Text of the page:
Moving Heaven And Earth
Humans have been altering and optimizing the physical world around them since the dawn of time. From cave paintings to […]
Humans have been altering and optimizing the physical world around them since the dawn of time.
From cave paintings to canals to climate control, we have been leaving our mark on nature to create a more livable and optimized world.
The scale of our influence wasn’t fully realized until the industrial revolution picked up steam (pun very much intended)
and we had the technology, energy, and knowledge to expand our power to shape nature by a couple orders of magnitude.
You’re probably familiar with air conditioning, snow-making, and golf courses in the desert, but what about some of the larger feats of human engineering?
While the Sierra club might not agree that bigger is better when it comes to giving mother nature a nudge, it’s certainly much more interesting.
So let’s take a look at some of the more notable ways in which we have altered nature.
Aside from being visible from space, the Bingham Canyon mine is remarkable in how close it is to a relatively large metropolitan area.
While most large mining operations take place deep in the Alaskan Klondike, the jungles of South America, or the vast expanses of the American Southwest, the Bingham Canyon Mine is a scant 20 miles from downtown Salt Lake City (metro area pop: 1.15 million).
Past and Future
While ore was first extracted from Bingham Canyon in 1863, large scale mining operations didn’t begin until the early 20th century when Kennecott Copper purchased the mine.
Today Bingham Canyon isn’t so much a canyon as it is a massive hole in the ground.
Although a recent landslide has slowed mining operations significantly, the Bingham Canyon mine continues to produce copper, silver, gold, and molybdenum.
Covering 1,900 acres, this mammoth mine measures 2.5 miles across, and over .6 miles deep.
With plans for significant expansion in the future, the Bingham Canyon mine may be, in the wise words of Jimmy Buffett, “a permanent reminder of a temporary feeling.”
While the Hoover Dam certainly isn’t the world’s biggest dam by a dam sight, it has had a massive effect on America, namely supplying the endless suburb formerly known as the Mojave Desert with water and electricity.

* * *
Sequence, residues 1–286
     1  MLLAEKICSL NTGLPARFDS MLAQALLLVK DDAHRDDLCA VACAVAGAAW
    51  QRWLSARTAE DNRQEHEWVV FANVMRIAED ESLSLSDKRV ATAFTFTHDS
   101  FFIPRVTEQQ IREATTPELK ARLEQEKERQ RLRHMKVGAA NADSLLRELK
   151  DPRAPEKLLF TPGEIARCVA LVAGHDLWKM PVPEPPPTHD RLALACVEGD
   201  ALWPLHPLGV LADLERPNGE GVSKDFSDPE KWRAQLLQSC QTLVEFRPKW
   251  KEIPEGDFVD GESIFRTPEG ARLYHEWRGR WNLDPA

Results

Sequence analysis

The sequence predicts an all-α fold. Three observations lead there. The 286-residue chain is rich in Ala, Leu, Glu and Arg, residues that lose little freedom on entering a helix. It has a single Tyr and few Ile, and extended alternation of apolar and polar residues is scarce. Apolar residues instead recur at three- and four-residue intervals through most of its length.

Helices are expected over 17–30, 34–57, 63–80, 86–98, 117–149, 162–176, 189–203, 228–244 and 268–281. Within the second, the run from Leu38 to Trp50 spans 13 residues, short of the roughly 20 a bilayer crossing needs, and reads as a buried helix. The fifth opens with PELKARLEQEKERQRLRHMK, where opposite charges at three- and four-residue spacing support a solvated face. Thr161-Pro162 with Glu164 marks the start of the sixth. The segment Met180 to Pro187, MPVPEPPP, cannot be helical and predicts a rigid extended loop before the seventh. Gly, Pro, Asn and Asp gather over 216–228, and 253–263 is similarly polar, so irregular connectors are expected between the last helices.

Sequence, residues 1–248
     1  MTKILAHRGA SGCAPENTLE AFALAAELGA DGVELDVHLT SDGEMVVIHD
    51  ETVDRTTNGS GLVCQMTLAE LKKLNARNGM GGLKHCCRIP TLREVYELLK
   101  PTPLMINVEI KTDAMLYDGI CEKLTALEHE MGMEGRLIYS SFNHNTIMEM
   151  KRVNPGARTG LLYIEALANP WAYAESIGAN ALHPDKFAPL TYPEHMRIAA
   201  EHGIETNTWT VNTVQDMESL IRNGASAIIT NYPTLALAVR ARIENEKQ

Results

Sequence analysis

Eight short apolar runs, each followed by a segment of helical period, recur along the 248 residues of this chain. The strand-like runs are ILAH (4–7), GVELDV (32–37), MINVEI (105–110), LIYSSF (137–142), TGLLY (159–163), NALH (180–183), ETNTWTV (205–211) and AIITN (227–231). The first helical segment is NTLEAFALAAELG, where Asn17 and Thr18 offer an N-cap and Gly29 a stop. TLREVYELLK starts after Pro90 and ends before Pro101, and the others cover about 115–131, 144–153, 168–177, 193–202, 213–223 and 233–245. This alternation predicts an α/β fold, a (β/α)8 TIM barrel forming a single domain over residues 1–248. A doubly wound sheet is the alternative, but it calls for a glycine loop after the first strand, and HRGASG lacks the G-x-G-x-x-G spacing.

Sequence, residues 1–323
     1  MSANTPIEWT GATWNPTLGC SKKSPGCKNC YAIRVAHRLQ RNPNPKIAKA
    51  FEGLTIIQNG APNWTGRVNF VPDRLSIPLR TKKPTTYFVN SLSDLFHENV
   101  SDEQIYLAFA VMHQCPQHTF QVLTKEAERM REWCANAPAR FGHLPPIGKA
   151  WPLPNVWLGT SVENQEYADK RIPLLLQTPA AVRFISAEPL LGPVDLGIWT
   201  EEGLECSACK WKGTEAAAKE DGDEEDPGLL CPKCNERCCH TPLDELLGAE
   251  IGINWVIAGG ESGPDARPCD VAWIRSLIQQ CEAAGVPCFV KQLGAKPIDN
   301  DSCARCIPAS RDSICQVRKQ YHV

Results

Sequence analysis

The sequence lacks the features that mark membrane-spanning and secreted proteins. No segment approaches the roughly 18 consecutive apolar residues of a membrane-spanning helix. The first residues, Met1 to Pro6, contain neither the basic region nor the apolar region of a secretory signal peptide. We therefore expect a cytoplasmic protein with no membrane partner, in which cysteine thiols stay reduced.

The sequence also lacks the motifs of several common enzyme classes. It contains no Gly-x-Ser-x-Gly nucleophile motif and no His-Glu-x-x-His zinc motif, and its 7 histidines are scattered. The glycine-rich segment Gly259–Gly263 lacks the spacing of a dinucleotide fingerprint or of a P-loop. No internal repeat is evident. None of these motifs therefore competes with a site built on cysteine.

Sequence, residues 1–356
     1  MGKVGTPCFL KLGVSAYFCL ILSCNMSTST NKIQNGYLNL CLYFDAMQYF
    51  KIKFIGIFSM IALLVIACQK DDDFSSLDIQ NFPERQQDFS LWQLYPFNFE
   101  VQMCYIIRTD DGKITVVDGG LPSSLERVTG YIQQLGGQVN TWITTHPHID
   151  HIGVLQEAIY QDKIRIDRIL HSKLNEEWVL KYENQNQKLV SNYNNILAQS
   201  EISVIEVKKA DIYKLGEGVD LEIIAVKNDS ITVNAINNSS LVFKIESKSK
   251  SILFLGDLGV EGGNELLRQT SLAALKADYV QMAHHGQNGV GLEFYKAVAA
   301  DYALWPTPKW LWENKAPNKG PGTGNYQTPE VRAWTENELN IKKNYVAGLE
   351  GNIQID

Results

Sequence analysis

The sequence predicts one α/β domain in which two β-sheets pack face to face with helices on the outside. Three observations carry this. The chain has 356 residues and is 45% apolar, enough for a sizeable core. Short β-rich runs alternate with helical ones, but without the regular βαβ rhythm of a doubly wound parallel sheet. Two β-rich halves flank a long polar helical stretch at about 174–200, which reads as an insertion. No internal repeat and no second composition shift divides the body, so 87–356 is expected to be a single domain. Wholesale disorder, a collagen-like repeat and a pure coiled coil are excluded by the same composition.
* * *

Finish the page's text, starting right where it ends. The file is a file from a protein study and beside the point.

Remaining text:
Humans need a steady supply of water to keep our lawns green and our bodies alive, but recently we have had a bad habit of settling in areas with little to no water.
Some of the fastest growing areas in the nation like Phoenix, Tucson, Los Angeles, and San Diego are also some of the driest.
History and Effects
This next statement is going to make my grandpa roll over in his grave, but thank goodness for the Great Depression.
While it might have been the worst economic crisis in history (don’t steal America’s thunder, Greece) it freed up thousands of young men to build giant concrete walls in the desert so retirees can have swimming pools and golf courses.
That might be a bit of an oversimplification, but the facts tell the real story:
The Hoover Dam was started in 1931 and finished five years later, today it controls floods and supplies power and water to millions of sun-loving people in the Southwest.
Lake Mead, the body of water behind the dam, is so large that it triggered earthquakes as it reached its peak height in 1936, and has shifted the Earth’s crust approximately 10 inches.
The Bagger (German for Excavator) 288 is a custom-built excavator made by the German company Krupp for exposing coal seams in strip mines.
Looking like a chainsaw-wielding brontosaurus, this beast of a machine holds several size records and is commonly known as the largest piece of machinery on the planet.
The Bagger 288 is capable of excavating 240,000 tons of coal daily (the equivalent of a soccer field dug 98 feet deep) provided you supply the required 15.56 Megawatts of electricity required to run the behemoth.
Weighing in at 13,500 tons, the Bagger288 is surprisingly light on its feet with a top speed of 0.6 Km/h and a turning radius of 100 meters thanks to three rows of four twelve foot wide caterpillar track assemblies.
Though the Bagger 288 measures 721 feet long and 315 feet high, the rotary bucket system is what really draws the eye in.
Looking like a circular saw for a giant, the excavating head is a whopping 21.6m in diameter ringed with 18 buckets capable of holding 6.6 cubic meters apiece.
With a bill mandating a shutdown of all German coal operations by 2018, the Bagger 288 will have to find a new line of work here shortly: perhaps as a security guard or a monster in a horror movie.
License: Royalty Free or iStock
The author of this article is Damien S. Wilhelmi. If you enjoyed this piece you can follow me on Twitter @CustParadigm.com.
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